Every year during autumn, thousands of starlings put on a spectacular dance show just before dusk over the sky in Scotland (and other countries in the temperate regions), in a breathtaking phenomenon called murmurations. This is when a huge flock of migratory birds form a magical shape-shifting flight pattern in the sky. Murmaration is common among starlings, a small to medium-sized passerine birds in the family Sturnidae, commonly called mynas in Asia. Flocking starlings are one of nature’s most extraordinary sights.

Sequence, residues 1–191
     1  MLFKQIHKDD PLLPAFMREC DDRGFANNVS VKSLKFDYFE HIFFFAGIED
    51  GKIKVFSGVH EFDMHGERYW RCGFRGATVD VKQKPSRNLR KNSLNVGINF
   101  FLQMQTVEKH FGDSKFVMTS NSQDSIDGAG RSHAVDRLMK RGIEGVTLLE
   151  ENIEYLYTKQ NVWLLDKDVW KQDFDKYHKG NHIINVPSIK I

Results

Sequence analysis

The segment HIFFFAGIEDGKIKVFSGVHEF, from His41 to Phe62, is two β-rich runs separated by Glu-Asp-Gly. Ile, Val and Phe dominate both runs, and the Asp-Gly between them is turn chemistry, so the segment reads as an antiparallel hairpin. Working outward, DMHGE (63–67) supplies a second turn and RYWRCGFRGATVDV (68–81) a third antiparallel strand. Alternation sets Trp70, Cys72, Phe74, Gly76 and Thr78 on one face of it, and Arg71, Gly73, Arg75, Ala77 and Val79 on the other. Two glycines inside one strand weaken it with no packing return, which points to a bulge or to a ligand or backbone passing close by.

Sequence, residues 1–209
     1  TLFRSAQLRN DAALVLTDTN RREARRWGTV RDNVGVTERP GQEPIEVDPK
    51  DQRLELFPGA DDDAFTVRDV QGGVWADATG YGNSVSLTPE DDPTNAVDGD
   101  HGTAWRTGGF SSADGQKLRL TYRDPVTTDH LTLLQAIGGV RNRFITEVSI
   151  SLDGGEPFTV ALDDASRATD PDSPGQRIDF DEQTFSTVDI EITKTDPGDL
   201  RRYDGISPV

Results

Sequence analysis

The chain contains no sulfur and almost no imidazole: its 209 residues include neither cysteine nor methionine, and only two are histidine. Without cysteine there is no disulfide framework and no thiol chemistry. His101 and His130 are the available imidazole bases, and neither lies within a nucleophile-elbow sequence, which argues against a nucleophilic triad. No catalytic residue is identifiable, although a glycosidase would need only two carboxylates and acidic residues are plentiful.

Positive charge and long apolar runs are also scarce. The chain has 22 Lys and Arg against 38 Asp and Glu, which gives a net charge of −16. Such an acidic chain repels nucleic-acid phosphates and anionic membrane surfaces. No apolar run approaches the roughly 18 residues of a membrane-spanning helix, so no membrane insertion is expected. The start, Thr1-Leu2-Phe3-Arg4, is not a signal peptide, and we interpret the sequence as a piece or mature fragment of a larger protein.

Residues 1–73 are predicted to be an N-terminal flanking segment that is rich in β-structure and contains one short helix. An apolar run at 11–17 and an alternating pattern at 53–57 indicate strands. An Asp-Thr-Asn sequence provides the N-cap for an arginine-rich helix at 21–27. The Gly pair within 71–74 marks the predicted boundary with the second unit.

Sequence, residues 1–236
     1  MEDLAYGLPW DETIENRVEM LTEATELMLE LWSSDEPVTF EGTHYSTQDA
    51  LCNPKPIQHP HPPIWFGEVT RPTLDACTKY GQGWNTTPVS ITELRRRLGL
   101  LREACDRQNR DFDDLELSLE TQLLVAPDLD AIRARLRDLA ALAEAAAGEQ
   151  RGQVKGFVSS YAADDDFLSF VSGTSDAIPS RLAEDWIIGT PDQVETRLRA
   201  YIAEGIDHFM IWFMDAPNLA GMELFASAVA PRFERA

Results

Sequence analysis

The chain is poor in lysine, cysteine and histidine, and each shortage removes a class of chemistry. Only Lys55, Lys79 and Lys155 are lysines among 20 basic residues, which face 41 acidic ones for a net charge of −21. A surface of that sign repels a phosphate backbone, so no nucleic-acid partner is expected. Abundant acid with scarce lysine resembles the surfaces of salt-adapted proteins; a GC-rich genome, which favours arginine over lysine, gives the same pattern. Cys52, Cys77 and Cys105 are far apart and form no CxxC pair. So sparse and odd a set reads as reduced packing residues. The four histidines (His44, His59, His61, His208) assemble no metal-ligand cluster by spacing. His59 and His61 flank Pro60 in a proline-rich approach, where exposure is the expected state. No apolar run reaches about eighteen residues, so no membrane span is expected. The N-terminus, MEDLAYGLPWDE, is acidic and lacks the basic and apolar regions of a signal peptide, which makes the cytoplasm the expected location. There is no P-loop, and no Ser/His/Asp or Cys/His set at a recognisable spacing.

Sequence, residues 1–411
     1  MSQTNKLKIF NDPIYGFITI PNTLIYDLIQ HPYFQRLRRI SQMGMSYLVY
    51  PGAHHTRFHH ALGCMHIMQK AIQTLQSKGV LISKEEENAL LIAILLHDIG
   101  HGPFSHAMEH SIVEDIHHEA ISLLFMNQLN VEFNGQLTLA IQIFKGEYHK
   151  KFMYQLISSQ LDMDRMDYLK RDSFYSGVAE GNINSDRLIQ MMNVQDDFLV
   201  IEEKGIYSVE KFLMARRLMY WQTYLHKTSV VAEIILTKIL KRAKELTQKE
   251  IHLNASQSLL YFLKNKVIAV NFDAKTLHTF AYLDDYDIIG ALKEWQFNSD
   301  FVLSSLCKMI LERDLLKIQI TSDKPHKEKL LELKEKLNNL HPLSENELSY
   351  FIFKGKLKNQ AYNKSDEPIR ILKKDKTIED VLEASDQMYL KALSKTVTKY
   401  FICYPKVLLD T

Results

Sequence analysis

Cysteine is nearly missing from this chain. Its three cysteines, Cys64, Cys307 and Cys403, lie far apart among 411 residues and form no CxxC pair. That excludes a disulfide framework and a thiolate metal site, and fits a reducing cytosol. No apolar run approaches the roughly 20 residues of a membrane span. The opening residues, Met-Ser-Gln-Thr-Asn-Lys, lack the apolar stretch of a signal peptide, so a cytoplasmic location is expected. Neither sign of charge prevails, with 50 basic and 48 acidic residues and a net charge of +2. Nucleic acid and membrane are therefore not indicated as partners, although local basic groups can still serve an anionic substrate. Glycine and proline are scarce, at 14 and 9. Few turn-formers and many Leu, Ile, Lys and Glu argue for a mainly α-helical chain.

Scientists aren’t sure how they do it. Even complex algorithmic models haven’t yet explained the starlings’ acrobatics, which rely on the tiny bird’s quicksilver reaction time of under 100 milliseconds to avoid aerial collisions—and predators—in the giant flock. The birds tend to flock together for protection and can reach speeds of up to 20 mph.
Vimeo user Sophie Windsor Clive was recently canoeing on the River Shannon in Ireland when she witnessed the beautiful phenomenon.
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